Governor Ivey and Team Return Home After Productive Japan Talks

TOKYO – Governor Kay Ivey said today that meetings with high-level executives from Mazda, Toyota and Honda in Japan helped to fortify the state’s relationships with the global automakers and will facilitate their growth plans in Alabama.
Governor Ivey and a team of Alabama job recruitment specialists including Commerce Secretary Greg Canfield are returning home today after talks with the automakers and an appointment with U.S. Ambassador to Japan Bill Hagerty. The group traveled to Tokyo on Tuesday.
“Creating jobs is a team effort built upon solid relationships with business and industry leaders. When Mazda Toyota Manufacturing announced they were coming to Alabama, they chose to make this announcement in Montgomery, a sign of their support for the current direction of our state and a clear indication of the quality of our relationship,” Governor Ivey said. “By visiting with Mazda, Toyota and Honda in their home country, we have continued to kindle our relationship with these fine companies and have returned the respect they showed by meeting with me at the State Capitol in recent months.”
The mission comes amid preparations by Mazda and Toyota to construct a $1.6 billion assembly plant in Limestone County that will have 4,000 workers at full production. When production launches in 2021, Mazda Toyota Manufacturing USA, as the operation is known, will become the first new assembly facility to open in Alabama in more than 15 years.
“A goal of the mission was to reiterate our support for the development and implementation of the Mazda-Toyota joint venture’s supply chain strategy for the new assembly plant,” Secretary Canfield said. “The supplier network will be substantial, and we’d like to see it anchored in Alabama.”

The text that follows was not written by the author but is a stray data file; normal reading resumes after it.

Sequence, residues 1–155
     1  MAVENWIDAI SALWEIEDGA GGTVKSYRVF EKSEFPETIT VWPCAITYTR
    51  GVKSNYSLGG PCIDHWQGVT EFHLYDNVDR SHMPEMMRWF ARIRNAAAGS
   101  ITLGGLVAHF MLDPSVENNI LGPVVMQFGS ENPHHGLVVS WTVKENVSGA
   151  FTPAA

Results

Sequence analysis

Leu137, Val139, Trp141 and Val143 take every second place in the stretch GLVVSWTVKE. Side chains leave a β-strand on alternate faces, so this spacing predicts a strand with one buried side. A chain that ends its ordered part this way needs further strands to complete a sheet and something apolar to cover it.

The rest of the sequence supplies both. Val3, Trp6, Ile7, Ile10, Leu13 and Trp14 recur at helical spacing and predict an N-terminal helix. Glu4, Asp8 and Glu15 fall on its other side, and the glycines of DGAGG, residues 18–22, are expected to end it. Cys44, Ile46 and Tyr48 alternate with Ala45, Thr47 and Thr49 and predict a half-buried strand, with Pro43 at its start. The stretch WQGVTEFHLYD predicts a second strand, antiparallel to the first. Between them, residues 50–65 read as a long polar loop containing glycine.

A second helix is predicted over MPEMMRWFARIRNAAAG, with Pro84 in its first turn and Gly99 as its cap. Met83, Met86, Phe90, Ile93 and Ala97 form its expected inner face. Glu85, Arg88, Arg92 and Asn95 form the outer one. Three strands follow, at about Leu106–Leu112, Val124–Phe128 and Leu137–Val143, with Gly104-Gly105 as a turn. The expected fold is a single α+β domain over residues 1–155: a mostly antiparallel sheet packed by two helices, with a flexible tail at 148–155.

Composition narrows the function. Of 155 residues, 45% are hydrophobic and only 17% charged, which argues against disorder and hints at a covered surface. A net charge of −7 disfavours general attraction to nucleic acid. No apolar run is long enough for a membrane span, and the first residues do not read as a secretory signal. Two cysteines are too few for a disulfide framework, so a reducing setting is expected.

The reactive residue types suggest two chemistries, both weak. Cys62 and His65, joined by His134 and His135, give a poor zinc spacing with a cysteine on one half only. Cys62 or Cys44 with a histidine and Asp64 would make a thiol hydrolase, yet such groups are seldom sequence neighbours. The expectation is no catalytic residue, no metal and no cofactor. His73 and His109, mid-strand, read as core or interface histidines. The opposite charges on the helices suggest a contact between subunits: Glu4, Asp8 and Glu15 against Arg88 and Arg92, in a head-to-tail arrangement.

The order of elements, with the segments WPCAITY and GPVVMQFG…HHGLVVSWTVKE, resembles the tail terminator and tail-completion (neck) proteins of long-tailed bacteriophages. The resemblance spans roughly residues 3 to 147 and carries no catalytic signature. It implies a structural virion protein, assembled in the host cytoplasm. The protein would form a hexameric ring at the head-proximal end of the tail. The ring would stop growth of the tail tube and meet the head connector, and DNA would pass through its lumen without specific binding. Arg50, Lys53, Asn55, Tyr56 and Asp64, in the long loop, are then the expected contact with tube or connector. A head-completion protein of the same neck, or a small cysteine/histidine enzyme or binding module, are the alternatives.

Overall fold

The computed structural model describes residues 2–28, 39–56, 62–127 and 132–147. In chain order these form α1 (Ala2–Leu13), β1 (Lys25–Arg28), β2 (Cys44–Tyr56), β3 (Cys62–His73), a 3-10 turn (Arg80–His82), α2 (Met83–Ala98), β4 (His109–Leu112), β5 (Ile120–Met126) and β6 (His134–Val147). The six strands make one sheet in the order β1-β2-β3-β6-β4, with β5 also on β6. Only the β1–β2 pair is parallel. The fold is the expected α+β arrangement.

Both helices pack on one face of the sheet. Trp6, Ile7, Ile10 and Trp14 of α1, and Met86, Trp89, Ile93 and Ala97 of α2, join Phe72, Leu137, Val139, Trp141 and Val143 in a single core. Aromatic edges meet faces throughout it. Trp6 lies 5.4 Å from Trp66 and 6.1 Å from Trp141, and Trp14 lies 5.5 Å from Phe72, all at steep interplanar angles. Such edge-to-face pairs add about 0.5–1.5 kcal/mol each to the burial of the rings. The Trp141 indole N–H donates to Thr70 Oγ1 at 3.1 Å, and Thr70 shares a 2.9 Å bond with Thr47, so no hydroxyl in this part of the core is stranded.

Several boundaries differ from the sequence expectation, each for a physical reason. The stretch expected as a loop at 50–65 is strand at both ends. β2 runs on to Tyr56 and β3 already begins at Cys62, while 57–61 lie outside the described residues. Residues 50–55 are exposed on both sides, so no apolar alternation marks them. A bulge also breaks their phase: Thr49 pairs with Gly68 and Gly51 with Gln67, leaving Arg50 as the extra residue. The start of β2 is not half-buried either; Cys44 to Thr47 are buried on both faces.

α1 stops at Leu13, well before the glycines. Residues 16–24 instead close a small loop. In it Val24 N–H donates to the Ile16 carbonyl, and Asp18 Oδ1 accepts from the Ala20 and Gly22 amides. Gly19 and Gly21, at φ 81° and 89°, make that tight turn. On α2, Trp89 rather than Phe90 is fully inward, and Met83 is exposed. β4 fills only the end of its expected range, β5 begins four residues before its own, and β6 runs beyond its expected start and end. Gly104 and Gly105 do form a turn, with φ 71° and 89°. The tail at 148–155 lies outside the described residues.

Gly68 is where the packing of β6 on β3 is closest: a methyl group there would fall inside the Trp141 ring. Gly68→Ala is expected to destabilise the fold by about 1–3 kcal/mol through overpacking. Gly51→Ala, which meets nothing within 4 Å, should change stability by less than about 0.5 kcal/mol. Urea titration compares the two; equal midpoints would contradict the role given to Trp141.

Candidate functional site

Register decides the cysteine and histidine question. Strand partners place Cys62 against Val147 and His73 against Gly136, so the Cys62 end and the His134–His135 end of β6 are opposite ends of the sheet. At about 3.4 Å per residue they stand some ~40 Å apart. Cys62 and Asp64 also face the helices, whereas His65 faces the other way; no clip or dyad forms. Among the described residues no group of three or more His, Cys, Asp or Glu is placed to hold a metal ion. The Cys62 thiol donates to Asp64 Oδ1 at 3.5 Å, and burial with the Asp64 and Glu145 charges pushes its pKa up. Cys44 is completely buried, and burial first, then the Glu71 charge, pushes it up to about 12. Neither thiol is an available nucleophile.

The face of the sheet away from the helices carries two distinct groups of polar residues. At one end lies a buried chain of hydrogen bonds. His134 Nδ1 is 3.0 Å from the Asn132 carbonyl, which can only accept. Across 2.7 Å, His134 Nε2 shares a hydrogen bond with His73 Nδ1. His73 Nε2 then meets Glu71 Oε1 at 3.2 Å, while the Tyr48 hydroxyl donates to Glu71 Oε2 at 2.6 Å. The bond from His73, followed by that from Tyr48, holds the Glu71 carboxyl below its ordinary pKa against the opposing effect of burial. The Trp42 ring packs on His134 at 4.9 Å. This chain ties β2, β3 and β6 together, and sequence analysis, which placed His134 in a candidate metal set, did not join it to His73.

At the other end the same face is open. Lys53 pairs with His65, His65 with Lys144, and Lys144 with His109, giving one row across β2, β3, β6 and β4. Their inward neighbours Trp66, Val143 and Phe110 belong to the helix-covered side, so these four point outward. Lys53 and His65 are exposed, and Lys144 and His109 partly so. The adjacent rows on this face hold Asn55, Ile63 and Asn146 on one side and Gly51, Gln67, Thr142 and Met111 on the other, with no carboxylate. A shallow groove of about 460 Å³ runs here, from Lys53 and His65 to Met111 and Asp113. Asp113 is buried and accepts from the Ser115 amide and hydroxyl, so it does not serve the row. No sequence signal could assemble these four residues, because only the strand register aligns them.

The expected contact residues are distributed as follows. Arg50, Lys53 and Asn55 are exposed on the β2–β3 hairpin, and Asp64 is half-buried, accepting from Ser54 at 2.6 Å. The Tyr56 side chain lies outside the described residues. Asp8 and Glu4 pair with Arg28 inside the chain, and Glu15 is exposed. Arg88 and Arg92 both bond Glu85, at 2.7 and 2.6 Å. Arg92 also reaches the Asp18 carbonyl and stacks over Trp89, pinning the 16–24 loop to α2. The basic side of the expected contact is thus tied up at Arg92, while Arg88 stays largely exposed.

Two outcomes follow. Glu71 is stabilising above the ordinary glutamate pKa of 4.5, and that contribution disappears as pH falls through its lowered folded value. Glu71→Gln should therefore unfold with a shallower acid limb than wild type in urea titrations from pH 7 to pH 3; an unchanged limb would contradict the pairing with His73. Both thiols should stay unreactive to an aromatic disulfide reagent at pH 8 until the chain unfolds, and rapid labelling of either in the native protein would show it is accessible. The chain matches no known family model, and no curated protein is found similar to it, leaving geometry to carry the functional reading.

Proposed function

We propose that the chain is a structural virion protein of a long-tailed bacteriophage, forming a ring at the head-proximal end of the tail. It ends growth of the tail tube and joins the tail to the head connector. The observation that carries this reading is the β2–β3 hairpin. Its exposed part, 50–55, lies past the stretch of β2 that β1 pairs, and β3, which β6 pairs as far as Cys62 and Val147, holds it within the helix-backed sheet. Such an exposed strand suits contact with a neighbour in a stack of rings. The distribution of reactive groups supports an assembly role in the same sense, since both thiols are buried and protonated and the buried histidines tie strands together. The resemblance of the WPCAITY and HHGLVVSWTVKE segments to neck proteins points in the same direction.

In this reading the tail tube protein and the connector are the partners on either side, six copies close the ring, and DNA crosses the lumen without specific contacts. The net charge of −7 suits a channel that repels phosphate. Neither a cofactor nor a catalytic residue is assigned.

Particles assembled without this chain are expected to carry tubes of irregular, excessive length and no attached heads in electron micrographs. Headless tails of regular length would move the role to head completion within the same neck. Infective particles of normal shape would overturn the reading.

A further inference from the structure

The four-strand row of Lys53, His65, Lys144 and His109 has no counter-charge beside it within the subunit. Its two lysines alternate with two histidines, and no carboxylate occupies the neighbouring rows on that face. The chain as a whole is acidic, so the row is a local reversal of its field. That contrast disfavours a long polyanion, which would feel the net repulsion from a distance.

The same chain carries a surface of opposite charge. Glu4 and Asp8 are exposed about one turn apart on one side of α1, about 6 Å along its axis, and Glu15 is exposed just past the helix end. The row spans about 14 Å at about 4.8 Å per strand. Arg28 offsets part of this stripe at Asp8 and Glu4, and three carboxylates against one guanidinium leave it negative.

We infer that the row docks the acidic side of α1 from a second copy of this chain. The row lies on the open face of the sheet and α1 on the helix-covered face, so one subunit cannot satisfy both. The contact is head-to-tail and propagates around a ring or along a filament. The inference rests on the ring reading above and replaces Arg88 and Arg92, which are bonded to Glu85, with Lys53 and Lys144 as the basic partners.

Mazda and Toyota executives told the Alabama team that the project remains on target, with construction work at the Limestone County site scheduled to begin by Oct. 1. The Alabama officials assured the automakers that the production facility site will be graded and prepared for construction on that timeline.
Governor Ivey told the automakers that AIDT, the state’s primary workforce development agency, is ready to engage with them on developing a workforce program and suggested a near-term meeting to launch the process. AIDT has been involved in building Alabama’s auto industry workforce for 25 years.
“Alabama has a wealth of resources that can help these great automakers build their businesses in the state, ranging from first-class contractors that can assist with construction to research universities eager to collaborate with them to discover technical advances and new processes,” Governor Ivey said. “With this mission, we strengthened our critically important partnerships with these automakers and continued to make clear our commitment to helping them create jobs and grow over the long term, not just in their current locations, but throughout Alabama.”
During a visit to Honda, the Alabama team received an update on an expansion at the automaker’s Talladega County plant that was announced in 2017. The $85 million project will improve manufacturing flexibility at the Alabama factory. The group also got a briefing on new, advanced technologies that could possibly be introduced at the plant.
Governor Ivey and the team met Tsutomu “Mori” Morimoto, who became president of Honda Manufacturing of Alabama on April 1. He was previously president of Honda’s Canadian operation.
Honda’s $2.6 billion Alabama facility has more than 4,500 employees and produces around 340,000 vehicles and V-6 engines each year.
During an appointment with Ambassador Hagerty, the discussion focused on the strength of the U.S. auto industry, particularly in the Southeast, where the sector continues to expand.
“From my first day in office, I set out to improve Alabama’s image and to make clear to the world that Alabama is open for business,” Governor Ivey commented. “I thoroughly enjoyed my visits with the Ambassador as well as the company executives. Their invitations to Japan is a sign they recognize the positive business climate we have created in Alabama and represents their desire to continue to be a part of our current economic momentum.”
Employment in the state’s auto industry currently tops 40,000, a figure that has increased 150 percent since 2000, according to data from the Alabama Department of Commerce.
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